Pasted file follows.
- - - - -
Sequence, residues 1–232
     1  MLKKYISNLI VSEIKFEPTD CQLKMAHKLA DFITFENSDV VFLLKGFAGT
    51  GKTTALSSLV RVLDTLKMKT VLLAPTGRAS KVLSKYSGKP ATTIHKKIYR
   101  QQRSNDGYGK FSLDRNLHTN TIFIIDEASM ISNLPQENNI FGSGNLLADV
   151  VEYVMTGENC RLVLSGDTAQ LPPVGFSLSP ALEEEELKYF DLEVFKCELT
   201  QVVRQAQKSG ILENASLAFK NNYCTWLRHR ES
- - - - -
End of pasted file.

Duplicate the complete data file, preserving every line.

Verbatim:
Sequence, residues 1–232
     1  MLKKYISNLI VSEIKFEPTD CQLKMAHKLA DFITFENSDV VFLLKGFAGT
    51  GKTTALSSLV RVLDTLKMKT VLLAPTGRAS KVLSKYSGKP ATTIHKKIYR
   101  QQRSNDGYGK FSLDRNLHTN TIFIIDEASM ISNLPQENNI FGSGNLLADV
   151  VEYVMTGENC RLVLSGDTAQ LPPVGFSLSP ALEEEELKYF DLEVFKCELT
   201  QVVRQAQKSG ILENASLAFK NNYCTWLRHR ES